Hip fracture repair is a surgical procedure performed to stabilize and heal a broken hip bone. Hip fractures most commonly occur in older individuals due to weakened bones, often as a result of osteoporosis. The specific surgical technique used for hip fracture repair depends on the location and type of fracture, as well as the patient’s overall health and factors such as age and activity level.

Here is an overview of the surgical options for hip fracture repair:

1. Internal Fixation:

This procedure involves stabilizing the fractured hip bones using various implantable devices such as screws, plates, nails, or rods. The choice of implant depends on the fracture pattern and the surgeon’s preference. The implants help hold the broken bones in their proper position to promote healing. Internal fixation is commonly used for stable fractures, where the broken bone ends are relatively aligned.

    Hip Pinning: In hip pinning, also known as hip screw fixation, a large screw is inserted across the fracture site to stabilize the broken bone. This procedure is often used for stable fractures of the proximal femur, such as intertrochanteric or subtrochanteric fractures.

    Intramedullary Nailing: Intramedullary nailing involves inserting a metal rod into the central canal of the femur. The rod spans the fractured area, providing stability and support. This technique is often used for stable fractures of the femoral shaft.

2. Partial or Total Hip Replacement

In some cases, especially for older patients or fractures that are more complex or unstable, a partial or total hip replacement may be performed. This involves removing the damaged portions of the hip joint and replacing them with artificial joint components.

    Hemiarthroplasty: In hemiarthroplasty, only the femoral head (ball-shaped top of the thigh bone) is replaced with a prosthesis, while the natural acetabulum (socket) is preserved. This procedure is commonly performed for fractures of the femoral neck or head.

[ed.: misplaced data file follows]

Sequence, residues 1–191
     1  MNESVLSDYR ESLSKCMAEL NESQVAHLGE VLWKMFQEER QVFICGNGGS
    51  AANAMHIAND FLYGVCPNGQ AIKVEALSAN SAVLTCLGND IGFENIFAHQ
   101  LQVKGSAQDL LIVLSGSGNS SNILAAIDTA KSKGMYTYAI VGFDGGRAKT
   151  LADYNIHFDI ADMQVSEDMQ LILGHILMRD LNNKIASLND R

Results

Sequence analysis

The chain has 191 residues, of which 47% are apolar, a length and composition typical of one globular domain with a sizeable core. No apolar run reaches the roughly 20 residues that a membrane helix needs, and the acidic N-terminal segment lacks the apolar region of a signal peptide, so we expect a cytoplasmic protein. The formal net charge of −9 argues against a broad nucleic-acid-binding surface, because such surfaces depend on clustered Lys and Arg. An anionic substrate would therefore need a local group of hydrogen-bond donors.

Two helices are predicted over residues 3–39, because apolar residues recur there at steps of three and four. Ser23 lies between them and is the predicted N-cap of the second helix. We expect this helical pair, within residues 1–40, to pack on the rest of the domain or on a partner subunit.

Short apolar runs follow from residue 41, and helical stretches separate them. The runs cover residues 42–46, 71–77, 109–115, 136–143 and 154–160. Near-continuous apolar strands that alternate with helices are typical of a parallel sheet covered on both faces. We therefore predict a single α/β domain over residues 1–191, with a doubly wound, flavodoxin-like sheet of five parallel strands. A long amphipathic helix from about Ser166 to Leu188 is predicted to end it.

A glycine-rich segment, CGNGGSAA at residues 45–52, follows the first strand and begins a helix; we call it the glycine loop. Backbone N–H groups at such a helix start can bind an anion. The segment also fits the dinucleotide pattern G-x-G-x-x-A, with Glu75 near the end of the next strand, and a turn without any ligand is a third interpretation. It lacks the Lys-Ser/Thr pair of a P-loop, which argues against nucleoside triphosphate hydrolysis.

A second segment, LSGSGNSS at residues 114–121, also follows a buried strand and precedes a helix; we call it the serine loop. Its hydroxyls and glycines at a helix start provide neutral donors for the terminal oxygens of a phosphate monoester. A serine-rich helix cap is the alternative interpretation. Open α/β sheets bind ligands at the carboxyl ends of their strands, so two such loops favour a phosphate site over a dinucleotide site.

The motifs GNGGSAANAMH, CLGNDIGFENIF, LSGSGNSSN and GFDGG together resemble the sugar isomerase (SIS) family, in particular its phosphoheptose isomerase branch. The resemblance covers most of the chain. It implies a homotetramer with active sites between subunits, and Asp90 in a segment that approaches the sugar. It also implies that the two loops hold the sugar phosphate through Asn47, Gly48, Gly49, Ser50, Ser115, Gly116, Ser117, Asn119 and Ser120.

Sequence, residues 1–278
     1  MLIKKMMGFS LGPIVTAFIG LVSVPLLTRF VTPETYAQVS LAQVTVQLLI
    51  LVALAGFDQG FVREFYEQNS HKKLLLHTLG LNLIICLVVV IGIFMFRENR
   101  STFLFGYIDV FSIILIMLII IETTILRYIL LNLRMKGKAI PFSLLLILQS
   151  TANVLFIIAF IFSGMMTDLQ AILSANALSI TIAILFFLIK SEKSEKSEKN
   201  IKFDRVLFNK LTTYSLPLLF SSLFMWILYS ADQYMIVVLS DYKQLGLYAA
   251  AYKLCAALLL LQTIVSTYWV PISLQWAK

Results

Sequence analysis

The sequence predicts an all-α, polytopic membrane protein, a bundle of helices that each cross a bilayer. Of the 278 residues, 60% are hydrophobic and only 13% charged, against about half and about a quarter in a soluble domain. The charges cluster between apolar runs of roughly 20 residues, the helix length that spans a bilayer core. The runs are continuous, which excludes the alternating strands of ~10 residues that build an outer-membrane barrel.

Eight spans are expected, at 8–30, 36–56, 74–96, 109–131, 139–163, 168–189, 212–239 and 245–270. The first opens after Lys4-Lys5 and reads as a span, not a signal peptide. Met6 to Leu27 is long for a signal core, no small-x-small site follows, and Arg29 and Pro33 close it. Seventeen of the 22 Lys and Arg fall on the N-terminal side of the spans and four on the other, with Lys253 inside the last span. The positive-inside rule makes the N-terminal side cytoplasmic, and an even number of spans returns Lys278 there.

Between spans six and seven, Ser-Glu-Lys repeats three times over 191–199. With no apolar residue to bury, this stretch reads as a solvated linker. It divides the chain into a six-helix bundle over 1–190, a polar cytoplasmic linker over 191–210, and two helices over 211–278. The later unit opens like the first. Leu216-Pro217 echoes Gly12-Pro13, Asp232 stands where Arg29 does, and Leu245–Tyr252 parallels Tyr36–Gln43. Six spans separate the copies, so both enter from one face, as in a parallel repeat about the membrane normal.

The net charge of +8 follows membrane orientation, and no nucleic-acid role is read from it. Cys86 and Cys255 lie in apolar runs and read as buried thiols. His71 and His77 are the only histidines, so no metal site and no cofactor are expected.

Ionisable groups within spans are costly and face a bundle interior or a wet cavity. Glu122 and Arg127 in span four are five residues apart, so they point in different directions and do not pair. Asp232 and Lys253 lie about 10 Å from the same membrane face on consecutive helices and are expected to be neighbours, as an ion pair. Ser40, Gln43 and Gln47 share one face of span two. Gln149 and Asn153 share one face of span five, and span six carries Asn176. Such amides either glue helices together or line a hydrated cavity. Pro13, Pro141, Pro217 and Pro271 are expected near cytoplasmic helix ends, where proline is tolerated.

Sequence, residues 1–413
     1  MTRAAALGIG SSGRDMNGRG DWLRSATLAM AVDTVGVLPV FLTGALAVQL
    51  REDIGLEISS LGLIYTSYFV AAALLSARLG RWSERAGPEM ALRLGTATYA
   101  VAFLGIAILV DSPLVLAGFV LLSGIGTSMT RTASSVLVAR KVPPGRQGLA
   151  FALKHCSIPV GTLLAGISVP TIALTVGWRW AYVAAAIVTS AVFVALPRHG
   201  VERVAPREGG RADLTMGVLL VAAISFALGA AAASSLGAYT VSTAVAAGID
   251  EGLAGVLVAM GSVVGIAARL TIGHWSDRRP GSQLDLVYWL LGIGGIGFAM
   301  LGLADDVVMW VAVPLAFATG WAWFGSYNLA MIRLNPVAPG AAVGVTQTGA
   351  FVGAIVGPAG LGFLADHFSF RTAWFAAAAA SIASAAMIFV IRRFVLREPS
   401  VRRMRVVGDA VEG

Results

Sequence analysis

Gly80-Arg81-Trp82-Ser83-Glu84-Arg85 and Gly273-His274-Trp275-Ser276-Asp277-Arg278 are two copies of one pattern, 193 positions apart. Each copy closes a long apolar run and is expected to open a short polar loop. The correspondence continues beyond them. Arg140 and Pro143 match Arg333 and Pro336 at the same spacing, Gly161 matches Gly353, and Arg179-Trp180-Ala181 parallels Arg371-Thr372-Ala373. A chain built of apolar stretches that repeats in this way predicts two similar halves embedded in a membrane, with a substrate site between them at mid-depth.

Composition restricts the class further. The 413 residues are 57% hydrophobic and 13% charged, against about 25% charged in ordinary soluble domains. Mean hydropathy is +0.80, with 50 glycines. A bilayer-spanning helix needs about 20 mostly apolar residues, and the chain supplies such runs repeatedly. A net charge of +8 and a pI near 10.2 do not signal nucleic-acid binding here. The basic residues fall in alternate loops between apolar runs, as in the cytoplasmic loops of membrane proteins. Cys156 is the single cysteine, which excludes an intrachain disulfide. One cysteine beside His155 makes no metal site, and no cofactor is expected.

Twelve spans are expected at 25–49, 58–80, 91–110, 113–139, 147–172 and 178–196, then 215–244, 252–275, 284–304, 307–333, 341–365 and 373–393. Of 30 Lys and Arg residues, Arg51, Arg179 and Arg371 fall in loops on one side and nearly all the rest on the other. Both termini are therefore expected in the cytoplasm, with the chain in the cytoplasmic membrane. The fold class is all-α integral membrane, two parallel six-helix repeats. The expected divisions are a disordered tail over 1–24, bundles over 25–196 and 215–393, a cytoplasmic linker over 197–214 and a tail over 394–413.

Total Hip Replacement: Total hip replacement may be performed when there is significant damage to both the femoral head and the acetabulum. It involves replacing the entire hip joint with artificial components, including a metal stem inserted into the femur, a metal or ceramic ball, and a socket component made of metal, plastic, or ceramic.

The choice of surgical technique is determined by factors such as the type and location of the fracture, patient characteristics, and surgeon’s expertise. The goal of surgery is to stabilize the fracture, promote healing, relieve pain, and restore function.

Following surgery, rehabilitation and physical therapy play a crucial role in the recovery process. Physical therapy helps restore strength, mobility, and function of the hip joint. The duration and intensity of rehabilitation will vary depending on the individual’s condition and the type of surgery performed.

It’s important to note that hip fracture repair surgery carries certain risks and potential complications, including infection, blood clots, nerve or blood vessel injury, implant failure, and nonunion (failure of the bone to heal properly). Your orthopedic surgeon will discuss these risks with you and provide specific instructions for a successful recovery. At Alabama Bone and Joint Clinic our specialists are able to guide you through your treatment options. Call today to schedule an appointment with one of our experts in orthopedic care.